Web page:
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One more time about Pussy Riot rights…

Many of those who read British press get a wrong impression that Pussy Riot band members were wrongfully detained and convicted for being against President Vladimir Putin. Regrettably, the majority of newspaper articles use wrong categories in reporting on this case. British media presents the topic under the banner of the freedom of speech and self-expression. In Russia, however, this matter is discussed as to whether there is a punishment for those who burst into the place of worship insulting the religious feelings of a considerable part of Russian citizens and debauch there.

According to a British journalist Simon Jenkins http://www.guardian.co.uk/commentisfree/2012/aug/21/west-hypocrisy-pussy-riot, who cites a Russian poll, only 5% of respondents do not think that the band deserves to be punished, while 65% believe that the band members must be jailed and 29% wish they were subject to community service. These data should not come as a surprise, for Russia is a country of 143 million people, 75% of whom identify themselves with the Orthodox Christianity. Russian Muslims, by the way, have not sympathised with Pussy Riot’s performance as well.

One will recall the outrage started by the Muhammad cartoons published in one of Danish newspapers. They were published not without a reason and were aimed at stirring anti-Islamic sentiment in the Western society at the time of the so-called “war on terror”. What was its result? Growth of xenophobic and extremist manifestations, which, by the way, might well be posing a threat to the European democracy itself, as for example is the case of Anders Breivik. This act by Pussy Riot is considered as a similar provocation against religion.

Let us recall that many countries’ laws provide punishment for the insult of feelings of other citizens. Pussy Riot’s bravado is nothing new. In the recent past, such “performances” took place in European countries not without subsequent lawsuits. Just recently the Catholic Church of Germany has been reported to accuse followers of the Russian punk-band of disorderly behaviour at a religious service in Cologne. Under the German law, they might face a real prison sentence.

No one would dare to dispute decisions of court in Western countries. Russia’s judicial system is an independent branch too. The verdict to those who performed the “punk-prayer” in the Cathedral of Christ the Saviour was passed by court after a thorough consideration of all facts of the case in full compliance with the Russian law. It is very easy to give outsiders’ advice without knowing the details and even without trying to fully comprehend the matter. We doubt that the court, for example here in Great Britain, would take into consideration advice of those who, in effect, try to influence the course of justice.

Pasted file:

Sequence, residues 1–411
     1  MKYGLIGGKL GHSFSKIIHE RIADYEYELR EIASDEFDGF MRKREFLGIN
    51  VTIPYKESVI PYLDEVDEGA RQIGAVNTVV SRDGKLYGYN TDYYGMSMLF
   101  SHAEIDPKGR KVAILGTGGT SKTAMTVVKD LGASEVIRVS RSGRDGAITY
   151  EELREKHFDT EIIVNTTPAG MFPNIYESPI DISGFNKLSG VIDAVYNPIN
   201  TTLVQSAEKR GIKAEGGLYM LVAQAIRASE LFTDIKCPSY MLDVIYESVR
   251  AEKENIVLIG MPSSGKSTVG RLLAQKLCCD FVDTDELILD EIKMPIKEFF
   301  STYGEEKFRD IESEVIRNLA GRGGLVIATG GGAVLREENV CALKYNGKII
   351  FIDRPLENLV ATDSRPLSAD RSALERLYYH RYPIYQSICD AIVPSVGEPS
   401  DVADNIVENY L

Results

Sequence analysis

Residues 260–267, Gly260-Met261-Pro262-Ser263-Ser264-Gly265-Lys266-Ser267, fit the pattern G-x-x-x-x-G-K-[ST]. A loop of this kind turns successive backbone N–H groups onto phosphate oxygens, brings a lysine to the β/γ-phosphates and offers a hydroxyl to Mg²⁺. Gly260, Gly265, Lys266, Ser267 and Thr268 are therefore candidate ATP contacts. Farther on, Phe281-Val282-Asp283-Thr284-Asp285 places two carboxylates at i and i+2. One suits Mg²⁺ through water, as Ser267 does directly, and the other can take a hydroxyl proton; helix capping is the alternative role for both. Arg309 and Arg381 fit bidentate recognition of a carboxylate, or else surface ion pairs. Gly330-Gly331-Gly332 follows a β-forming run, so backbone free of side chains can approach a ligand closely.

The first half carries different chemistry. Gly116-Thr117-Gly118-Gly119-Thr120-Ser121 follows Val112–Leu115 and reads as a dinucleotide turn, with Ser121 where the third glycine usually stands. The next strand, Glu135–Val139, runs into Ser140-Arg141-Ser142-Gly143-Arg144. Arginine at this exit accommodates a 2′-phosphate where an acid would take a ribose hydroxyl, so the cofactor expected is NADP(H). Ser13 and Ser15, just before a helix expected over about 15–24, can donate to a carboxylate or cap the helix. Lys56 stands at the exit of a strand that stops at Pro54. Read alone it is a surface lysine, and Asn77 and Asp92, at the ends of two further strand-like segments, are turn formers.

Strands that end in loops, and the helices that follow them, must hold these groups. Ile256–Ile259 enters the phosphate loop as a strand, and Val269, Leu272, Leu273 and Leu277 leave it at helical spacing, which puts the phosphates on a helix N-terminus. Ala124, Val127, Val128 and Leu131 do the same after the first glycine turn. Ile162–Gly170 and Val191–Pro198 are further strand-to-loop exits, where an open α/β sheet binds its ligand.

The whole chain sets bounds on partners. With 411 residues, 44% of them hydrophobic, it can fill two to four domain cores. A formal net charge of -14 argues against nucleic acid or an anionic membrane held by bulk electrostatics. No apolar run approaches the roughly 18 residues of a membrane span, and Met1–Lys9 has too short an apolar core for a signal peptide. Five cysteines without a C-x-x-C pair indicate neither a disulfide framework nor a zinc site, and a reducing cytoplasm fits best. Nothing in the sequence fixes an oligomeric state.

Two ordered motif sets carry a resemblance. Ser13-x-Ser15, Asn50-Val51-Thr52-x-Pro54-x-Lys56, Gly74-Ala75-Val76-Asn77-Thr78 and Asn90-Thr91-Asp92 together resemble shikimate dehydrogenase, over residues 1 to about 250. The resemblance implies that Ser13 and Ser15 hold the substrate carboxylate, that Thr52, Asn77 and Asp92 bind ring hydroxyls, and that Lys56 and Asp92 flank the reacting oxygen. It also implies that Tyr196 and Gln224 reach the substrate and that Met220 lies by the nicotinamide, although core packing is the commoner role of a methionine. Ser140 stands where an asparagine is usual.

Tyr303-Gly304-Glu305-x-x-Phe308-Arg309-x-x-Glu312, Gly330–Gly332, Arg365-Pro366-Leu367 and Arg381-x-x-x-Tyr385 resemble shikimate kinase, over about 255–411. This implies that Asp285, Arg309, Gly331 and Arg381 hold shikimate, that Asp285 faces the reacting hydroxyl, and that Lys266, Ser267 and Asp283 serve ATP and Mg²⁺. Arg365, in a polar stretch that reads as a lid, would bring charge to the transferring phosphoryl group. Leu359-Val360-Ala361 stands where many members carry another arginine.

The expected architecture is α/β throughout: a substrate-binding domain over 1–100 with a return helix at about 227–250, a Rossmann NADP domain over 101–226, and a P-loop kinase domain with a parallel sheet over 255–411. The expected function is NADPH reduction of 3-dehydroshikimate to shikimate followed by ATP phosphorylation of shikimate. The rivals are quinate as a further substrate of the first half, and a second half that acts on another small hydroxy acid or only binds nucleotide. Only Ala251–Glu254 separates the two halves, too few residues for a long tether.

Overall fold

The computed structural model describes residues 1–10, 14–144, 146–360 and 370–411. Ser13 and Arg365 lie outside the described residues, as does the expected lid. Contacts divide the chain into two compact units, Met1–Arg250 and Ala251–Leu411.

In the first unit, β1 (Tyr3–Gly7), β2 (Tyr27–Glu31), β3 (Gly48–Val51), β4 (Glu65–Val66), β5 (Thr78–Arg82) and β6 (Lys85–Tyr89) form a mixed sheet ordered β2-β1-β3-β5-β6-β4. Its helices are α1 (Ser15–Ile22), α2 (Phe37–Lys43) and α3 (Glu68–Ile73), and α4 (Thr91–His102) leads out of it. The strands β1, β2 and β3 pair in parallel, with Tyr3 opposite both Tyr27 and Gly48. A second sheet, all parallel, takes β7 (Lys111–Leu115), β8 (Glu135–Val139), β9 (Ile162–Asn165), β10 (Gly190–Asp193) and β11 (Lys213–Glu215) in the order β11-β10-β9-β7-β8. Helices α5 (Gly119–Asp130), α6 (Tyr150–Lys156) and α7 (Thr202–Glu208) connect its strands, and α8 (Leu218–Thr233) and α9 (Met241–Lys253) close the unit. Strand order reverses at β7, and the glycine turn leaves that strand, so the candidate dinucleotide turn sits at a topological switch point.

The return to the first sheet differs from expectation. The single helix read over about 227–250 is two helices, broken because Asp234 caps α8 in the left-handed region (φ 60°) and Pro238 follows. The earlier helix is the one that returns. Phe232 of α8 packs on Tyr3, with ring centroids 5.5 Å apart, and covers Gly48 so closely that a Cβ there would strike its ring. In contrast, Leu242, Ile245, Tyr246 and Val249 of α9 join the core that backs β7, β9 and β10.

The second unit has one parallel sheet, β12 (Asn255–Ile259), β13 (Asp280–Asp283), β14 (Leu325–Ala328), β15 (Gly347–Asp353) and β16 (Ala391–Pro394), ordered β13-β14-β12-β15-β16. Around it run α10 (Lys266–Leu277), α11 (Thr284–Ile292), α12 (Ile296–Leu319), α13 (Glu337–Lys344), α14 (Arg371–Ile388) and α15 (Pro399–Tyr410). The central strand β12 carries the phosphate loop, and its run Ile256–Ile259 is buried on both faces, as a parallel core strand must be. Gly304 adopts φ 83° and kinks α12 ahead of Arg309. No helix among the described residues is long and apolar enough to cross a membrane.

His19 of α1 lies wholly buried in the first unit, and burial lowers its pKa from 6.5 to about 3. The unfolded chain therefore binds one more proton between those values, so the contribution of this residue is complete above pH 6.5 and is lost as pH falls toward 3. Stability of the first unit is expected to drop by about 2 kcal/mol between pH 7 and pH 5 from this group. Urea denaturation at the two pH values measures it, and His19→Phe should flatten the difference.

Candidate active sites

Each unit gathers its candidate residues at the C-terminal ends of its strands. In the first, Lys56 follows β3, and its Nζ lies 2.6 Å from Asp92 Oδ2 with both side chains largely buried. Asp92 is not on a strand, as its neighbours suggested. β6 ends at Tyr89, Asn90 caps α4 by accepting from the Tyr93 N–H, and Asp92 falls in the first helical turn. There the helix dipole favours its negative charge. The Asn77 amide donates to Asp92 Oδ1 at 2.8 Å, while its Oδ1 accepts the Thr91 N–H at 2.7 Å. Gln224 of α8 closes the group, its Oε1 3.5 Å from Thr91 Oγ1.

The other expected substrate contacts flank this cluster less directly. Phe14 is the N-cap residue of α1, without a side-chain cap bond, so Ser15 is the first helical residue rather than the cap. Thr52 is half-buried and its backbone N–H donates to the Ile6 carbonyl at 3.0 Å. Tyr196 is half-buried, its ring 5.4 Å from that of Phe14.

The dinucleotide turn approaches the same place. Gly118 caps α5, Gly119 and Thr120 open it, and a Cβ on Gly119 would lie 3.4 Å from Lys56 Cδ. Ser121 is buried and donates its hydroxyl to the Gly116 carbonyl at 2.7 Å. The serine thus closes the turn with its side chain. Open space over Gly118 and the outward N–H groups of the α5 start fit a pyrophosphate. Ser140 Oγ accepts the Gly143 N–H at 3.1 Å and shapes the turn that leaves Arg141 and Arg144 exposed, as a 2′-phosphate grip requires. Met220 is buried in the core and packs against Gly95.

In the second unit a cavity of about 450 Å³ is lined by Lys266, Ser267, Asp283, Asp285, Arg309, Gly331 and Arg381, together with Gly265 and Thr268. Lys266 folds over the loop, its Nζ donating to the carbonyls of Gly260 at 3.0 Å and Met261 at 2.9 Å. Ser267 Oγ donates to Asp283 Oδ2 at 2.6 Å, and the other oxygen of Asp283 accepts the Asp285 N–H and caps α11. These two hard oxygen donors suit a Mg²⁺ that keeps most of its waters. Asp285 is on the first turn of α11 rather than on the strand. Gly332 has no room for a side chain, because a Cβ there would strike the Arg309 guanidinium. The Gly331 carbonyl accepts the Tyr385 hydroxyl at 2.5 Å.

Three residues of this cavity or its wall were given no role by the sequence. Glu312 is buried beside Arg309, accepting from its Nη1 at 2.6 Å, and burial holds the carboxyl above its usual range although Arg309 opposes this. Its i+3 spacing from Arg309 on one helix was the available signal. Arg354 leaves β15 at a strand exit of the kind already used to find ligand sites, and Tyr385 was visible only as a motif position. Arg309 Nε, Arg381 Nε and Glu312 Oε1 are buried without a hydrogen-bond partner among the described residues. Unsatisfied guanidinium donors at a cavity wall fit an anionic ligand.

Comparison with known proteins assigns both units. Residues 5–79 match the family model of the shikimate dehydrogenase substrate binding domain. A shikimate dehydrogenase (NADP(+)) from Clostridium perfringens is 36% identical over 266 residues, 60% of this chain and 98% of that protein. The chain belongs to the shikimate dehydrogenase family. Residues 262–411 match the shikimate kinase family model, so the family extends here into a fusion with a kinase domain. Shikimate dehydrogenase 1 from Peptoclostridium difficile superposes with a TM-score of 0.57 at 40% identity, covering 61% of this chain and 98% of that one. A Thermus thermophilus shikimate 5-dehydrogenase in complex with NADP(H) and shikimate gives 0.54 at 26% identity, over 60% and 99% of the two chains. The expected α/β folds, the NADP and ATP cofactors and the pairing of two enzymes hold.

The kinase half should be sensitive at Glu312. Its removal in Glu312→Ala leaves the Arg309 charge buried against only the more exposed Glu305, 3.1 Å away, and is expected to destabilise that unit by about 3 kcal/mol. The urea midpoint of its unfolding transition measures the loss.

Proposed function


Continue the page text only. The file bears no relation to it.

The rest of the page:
An American lawyer Oliver Wendell Holmes once said: “Your liberty to swing your fist ends just where my nose begins”. We all remember how the Taliban destroyed Buddha statues in Afghanistan. The world was shocked and appalled. Let us recall the desecration of Muslim tombs in Northern Mali. Perhaps, it is too early to draw the line in the debate on the limits of self-expression. So this case is not about politics, played by the rules, but about insulting the religious feelings of fellow citizens which goes far beyond what any democracy allows, beyond civilized behavior pure and simple.

This information was taken from the official website of the Embassy of the Russian Federation to the United Kingdom of Great Britain and Northern Ireland. Published on August 24, 2012.

Windows to Russia…

3 Comments

  1. blackseabrew August 26, 2012

    My issue with the band is quite simple. They trespassed on the church property. Their behavior, which was not invited by the church, at that point does become a subject of the government to enforce reasonable expectations of the property owner. It appears that they continued to behave in an unruly manner after they were asked to leave. Was this not the case? The equivalent charge in the US would be disorderly conduct. Two years might be a bit much. And more leniency could be expected if the girls would own up to their actions and give a sincere apology.

  2. admin Post author | August 26, 2012

    Blackseabrew: They say the girls will be out sooner than later! The biggest issue is that they refused to apologies until the very end and then that was after court had finished literally…

    Laws are different all over the world. Just like the Brevik issue. I am sure that sentencing would have been different in America. But hey it is not our country to say how he should be tried and sentenced…

    Thanks

    Kyle

  3. It is I only August 27, 2012

    The Russian judge should have sentenced those so called artists to Kolyma alongside khordokovsky, where they could perform for him they art! Stuffing a chicken up their **** & having some porno activities with other “democratic” detainees

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